A lot of recent films haven’t had happy endings, and it just reflects what has always been true and what everyone knows, one way or the other: we’re having a culture crisis.
Well, culture has always been in crisis, but it has now crept into today’s mainstream American movies, and that to me is a sign that it has gone more acute, for others at least. Some films today, like Vicky Cristina Barcelona, capture a sense of losing one’s direction and purpose. They show that we are and can no longer sure how to live our lives. Opting for the settled, stable life is not enough somehow, while carefree, spontaneous living is volatile. It can be nasty and violent. Accordingly, like Cristina, we are left in a state of chronic dissatisfaction, “never knowing what we want, only what we don’t.”
The Reader meanwhile has us looking to the past, only to be told that nothing can come of out it. The Holocaust survivor said so herself, and Michael Berg’s love and devotion to Hannah ends up nowhere. He is stuck in the past, loving her for most of his life, but it hasn’t been a life-affirming affair on the whole. Michael is gloomy and solemn all the time. He is The Reader, but he is unreadable; distant, aloof and opaque. “When will a woman ever get to know what goes on inside your head?”
Love keeps the story going, but stunts it as well. The movie begins where it ends, with Michael looking back at his past love. Love here is a nothingness, just as the Holocaust was. Both defy Reason. Both don’t make sense. Why does Michael send all those tapes to Hannah? Why did Hannah help Michael when he had Scarlet fever? They don’t have to, but they do. And that is one reason why it is Love. It needs no more reason than itself, just as Evil doesn’t need any. True evil, they say, exists just for the hell of it.
Speaking of evil, some religious movies today have also become pessimistic. Before, we always saw the devil’s plans thwarted, and faith prevailing in the end. Demi Moore sacrifices herself in the Seventh Sign, Rachel Leigh Cook gets saved in the The Eighteenth Angel, and the devil is exorcised in, well, The Exorcist. But in The Haunting of Molly Hartley, we see no such optimism. Molly Hartley stabs herself so that the devil can’t get his hands on her. But to no avail, she gets to be the devil’s powerful servant, off to conquer the world as a bright, beautiful and successful young woman. It is not a compliment to the corporate world.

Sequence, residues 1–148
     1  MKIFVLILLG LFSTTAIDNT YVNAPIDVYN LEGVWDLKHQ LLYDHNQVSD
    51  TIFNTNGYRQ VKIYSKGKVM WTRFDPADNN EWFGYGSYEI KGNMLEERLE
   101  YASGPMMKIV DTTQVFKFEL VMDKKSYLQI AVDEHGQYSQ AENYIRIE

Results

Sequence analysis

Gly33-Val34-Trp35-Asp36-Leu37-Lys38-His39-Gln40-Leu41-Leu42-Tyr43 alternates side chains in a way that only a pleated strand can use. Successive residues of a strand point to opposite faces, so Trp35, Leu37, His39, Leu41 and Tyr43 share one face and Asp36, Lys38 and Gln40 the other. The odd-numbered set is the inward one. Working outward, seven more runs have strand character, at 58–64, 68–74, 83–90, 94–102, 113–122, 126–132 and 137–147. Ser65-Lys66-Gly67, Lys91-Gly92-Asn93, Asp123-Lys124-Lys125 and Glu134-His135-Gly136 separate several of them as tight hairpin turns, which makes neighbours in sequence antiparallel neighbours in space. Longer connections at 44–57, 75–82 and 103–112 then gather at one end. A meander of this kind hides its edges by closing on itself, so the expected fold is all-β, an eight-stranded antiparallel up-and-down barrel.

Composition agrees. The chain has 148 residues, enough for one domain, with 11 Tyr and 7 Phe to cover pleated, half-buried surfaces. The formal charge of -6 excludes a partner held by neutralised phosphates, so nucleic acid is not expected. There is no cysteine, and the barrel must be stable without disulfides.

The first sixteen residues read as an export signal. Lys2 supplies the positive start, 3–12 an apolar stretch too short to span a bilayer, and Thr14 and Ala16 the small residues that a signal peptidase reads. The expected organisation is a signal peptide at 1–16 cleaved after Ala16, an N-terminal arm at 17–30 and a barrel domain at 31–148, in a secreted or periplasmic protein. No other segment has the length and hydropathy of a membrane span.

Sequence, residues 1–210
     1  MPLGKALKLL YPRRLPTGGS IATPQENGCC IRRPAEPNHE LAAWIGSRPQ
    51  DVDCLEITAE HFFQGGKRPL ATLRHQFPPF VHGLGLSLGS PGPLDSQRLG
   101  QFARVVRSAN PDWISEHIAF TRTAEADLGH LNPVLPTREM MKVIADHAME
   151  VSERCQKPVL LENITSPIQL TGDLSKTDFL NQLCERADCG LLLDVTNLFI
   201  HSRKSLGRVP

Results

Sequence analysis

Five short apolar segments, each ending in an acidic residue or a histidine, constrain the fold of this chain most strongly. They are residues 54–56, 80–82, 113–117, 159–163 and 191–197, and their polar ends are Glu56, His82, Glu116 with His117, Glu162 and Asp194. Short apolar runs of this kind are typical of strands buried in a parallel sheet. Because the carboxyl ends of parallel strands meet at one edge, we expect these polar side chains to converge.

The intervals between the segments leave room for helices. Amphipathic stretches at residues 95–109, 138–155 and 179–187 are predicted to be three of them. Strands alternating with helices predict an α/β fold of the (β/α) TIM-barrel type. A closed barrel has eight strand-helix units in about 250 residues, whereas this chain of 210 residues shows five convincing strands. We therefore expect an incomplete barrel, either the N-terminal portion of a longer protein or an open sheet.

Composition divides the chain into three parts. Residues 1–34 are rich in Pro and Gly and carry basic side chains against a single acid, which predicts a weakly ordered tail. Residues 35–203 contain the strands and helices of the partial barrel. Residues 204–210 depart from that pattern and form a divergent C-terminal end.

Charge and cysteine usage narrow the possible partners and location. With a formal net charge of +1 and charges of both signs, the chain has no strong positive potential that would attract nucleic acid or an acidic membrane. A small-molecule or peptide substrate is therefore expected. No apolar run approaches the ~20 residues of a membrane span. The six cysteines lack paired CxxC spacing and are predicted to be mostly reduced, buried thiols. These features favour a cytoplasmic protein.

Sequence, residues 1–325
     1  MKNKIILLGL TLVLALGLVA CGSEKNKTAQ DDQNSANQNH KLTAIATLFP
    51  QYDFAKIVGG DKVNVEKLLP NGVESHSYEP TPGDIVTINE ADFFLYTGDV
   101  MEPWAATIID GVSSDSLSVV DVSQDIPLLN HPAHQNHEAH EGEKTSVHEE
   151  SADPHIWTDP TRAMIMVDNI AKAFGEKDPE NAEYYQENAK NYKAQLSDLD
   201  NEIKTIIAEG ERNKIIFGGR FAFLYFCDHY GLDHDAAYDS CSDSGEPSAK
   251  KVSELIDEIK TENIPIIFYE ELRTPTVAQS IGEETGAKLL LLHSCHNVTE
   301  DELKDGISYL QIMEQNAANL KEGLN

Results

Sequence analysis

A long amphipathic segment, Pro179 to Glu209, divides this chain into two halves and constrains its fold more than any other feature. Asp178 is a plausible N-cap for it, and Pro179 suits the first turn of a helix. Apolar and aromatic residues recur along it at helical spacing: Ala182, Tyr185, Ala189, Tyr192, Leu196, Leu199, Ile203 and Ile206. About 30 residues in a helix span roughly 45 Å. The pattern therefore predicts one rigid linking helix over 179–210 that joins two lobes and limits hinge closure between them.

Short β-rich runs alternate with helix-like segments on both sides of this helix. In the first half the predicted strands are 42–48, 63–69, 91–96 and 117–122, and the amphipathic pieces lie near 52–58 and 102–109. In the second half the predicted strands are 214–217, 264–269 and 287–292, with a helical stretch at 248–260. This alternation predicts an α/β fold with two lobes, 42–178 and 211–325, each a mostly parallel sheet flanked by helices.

Each of these movies has an air of gloom and pessimism, but one historical event seems to encapsulate the mood more than any other. A few movies – Defiance, The Reader and Valkyrie – look back at the Holocaust, an appalling tragedy that captures today’s sense of meaningless, alienation, uncertainty, loss of purpose, collapse of conventional order, and the breakdown of and the inadequacy of the usual answers. The trial in The Reader and Michael’s classmate’s tirade against law are part of such questioning. Both show, among other things, that answers are no longer easy to come by. And though not a Holocaust movie, Woody Allen’s menage a trois disrupts Vicky’s well-ordered life and leaves Cristina more confused than ever.
The Holocaust serves as a backdrop with which we explore and make sense of this culture crisis. “How can we be moral in an immoral age?” asks The Valkyrie. The fact that we ask this question is not a good sign. As dumb and obvious as it may sound, it only means that we no longer have the answers(at least not yet). And that is precisely why we are in a crisis.
On a final, perhaps more sinister note, is it just a coincidence that these movies are coming out now when the global economy is in recession, thousands are being laid off and companies are downsizing?